2. Trustees of state convention and SBC entities which sponsor websites whose purpose is to promote one camp or the other should reevaluate their priorities and promote Christ instead.

3. Bloggers are to be commended for providing the only arena where the issue of Calvinism and Traditionalism can be discussed openly and civilly by pastors and laypeople in the SBC.

4. Some bloggers who write and comment in a harsh, judgmental, and destructive manner on these issues should just shut up.

5. Any entity that seeks to purge its faculty, administration, or trustee board from either Calvinists or Traditionalists should feel the weight of disapproval from Southern Baptists of both camps and should be marginalized and condemned.
6. Prospective Calvinist pastors should avoid blowing up churches in order to correct what they see as heresy and should fully disclose their intents prior to accepting a pastorate.
7. Any new SBC war along the lines of the Conservative Resurgence of a generation ago will be very costly to our already beleaguered Cooperative Program and to the cause of Southern Baptist missions in our country and around the world should be avoided at all costs.

Some have already drawn the battle lines and are determined to fight. I hope that they are few and that we can find a way to shuffle these bellicose Baptists off to the side while the vast bulk of us do the work of Christ.


Anonymous said...

It will be "encouraging though banal" and totally ineffective. SBC nature is, say, "this", and no matter what SBC does, it cannot be, say, "that". Conservatives fought the battle to be "this" by being the "this" it was and is. Why would anyone think "this" could ever be "that"?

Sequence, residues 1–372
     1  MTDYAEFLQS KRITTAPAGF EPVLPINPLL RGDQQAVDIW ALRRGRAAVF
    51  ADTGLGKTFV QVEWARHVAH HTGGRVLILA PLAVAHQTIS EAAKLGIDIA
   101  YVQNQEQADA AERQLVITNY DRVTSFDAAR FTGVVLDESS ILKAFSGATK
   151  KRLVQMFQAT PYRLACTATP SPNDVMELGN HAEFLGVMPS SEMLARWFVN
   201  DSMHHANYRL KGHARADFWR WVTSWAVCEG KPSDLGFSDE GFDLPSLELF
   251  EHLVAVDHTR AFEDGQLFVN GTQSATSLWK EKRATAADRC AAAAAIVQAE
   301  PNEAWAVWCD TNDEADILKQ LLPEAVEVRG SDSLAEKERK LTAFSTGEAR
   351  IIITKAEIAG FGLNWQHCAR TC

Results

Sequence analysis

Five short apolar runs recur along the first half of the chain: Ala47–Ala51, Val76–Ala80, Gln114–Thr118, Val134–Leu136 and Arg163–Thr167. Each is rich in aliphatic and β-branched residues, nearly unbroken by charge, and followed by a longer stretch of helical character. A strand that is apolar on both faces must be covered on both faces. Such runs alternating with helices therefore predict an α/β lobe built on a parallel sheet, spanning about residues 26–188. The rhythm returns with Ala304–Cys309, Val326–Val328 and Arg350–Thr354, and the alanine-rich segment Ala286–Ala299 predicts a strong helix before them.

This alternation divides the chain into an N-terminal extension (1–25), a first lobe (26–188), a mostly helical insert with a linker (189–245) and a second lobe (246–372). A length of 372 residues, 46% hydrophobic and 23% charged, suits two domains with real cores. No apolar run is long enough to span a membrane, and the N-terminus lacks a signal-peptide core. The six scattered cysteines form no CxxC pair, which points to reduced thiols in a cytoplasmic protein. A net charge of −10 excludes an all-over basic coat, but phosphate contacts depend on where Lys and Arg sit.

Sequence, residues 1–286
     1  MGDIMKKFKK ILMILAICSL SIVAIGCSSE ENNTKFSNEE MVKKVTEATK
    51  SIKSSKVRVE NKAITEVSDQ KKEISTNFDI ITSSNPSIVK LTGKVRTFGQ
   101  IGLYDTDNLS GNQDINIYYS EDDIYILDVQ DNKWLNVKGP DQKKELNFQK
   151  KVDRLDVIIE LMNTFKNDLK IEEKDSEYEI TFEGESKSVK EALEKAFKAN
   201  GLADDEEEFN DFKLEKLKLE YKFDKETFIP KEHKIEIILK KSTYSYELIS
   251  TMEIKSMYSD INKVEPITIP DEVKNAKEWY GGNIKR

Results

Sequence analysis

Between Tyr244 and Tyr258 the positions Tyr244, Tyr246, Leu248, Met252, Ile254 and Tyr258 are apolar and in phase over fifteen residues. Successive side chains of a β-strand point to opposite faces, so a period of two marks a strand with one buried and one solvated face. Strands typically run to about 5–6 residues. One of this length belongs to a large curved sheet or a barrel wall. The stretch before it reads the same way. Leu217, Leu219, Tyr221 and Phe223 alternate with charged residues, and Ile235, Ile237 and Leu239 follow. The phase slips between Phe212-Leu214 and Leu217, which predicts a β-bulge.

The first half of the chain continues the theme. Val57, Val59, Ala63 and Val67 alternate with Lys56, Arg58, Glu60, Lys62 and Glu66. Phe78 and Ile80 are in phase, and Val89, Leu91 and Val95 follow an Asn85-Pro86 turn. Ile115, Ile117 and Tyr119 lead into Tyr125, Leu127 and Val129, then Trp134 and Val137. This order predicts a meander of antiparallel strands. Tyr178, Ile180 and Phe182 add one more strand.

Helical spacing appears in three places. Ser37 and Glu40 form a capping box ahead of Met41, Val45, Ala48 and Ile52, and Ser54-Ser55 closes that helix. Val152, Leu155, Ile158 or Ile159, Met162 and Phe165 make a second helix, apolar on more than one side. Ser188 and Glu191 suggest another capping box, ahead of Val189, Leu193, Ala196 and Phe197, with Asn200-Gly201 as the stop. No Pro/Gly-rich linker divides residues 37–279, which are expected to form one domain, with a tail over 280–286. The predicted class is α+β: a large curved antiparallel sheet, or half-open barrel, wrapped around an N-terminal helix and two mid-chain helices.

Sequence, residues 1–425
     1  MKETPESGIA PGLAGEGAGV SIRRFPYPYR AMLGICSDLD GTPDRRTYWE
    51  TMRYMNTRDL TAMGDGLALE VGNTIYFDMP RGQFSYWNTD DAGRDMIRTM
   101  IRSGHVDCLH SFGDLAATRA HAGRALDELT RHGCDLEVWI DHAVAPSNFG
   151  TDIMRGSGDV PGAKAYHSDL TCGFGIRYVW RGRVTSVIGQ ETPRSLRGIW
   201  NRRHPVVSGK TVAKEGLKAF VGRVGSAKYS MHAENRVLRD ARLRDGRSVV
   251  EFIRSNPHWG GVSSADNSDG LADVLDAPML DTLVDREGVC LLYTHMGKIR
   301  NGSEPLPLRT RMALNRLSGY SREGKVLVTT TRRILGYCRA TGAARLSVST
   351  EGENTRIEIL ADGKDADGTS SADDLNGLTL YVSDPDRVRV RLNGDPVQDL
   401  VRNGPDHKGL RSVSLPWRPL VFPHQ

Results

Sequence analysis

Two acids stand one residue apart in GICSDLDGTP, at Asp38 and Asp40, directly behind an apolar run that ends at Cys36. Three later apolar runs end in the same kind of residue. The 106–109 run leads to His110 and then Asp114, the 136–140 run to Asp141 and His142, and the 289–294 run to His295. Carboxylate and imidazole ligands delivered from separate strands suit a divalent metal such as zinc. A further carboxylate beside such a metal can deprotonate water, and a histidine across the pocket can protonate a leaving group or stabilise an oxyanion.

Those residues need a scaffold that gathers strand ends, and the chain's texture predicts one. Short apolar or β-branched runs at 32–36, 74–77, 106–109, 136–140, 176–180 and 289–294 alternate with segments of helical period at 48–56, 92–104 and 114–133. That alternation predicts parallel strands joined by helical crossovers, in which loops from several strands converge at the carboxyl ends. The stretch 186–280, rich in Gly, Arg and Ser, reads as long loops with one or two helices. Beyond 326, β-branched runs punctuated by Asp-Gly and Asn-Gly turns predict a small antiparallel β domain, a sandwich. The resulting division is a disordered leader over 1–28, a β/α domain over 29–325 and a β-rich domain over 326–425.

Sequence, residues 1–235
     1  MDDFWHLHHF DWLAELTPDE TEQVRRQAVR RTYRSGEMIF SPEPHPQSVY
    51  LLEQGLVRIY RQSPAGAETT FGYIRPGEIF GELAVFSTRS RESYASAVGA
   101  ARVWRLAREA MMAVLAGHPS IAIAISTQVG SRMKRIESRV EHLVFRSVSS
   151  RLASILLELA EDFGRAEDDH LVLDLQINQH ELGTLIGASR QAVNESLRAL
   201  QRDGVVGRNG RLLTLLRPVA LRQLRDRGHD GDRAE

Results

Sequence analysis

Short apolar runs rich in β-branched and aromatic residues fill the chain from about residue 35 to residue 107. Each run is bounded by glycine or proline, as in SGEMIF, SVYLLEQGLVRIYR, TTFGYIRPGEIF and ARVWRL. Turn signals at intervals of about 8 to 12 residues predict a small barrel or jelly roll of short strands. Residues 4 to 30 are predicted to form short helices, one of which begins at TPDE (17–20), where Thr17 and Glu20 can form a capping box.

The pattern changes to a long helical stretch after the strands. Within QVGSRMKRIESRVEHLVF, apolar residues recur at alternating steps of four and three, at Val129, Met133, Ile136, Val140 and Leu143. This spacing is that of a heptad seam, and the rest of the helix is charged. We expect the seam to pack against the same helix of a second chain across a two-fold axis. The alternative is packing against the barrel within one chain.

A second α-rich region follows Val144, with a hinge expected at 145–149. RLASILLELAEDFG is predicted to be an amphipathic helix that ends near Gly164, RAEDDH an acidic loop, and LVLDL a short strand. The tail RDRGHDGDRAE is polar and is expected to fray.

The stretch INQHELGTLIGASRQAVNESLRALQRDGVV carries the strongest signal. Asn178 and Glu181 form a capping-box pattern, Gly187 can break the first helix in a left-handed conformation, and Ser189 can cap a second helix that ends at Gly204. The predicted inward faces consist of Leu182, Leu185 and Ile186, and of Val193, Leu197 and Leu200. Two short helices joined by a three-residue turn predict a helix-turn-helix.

Anonymous said...

This exactly why I have little or no desire to be a member of a SBC church any more. Was an IMB missionary for many years. Left the IMB, went back to same country as a tent-maker missionary. Was as happy as could be.

Retiring the end of this month and returning to my home state, but NOT a SBC church. Will be going to a church that is what SBC churches were like years ago before the "this" and "that" became so important.

I will never will be a part again of a denomination or a mission board that says give your allegiance to the BFM 2000 or you will be fired as a missionary. I will give my full allegiance to God and God alone. If that is not good enough for the SBC, then I no longer want to be a part of that denomination. I am sorry to say my parents and my sons have already left the SBC.

You may not even print this on your blog, but at least you will know how disappointed and frustrated I feel with the SBC.

Returning happy tent-maker missionary from Japan.

Anonymous said...

Think of what the SBC would be today if there had been no Conservative Resurgence. Even though some of the leaders weren't the best, at least it spared us what was about to happen. It could (and would have been) much worse than what you don't like today.

Anonymous said...

" ... it spared us what was about to happen."

What was about to happen?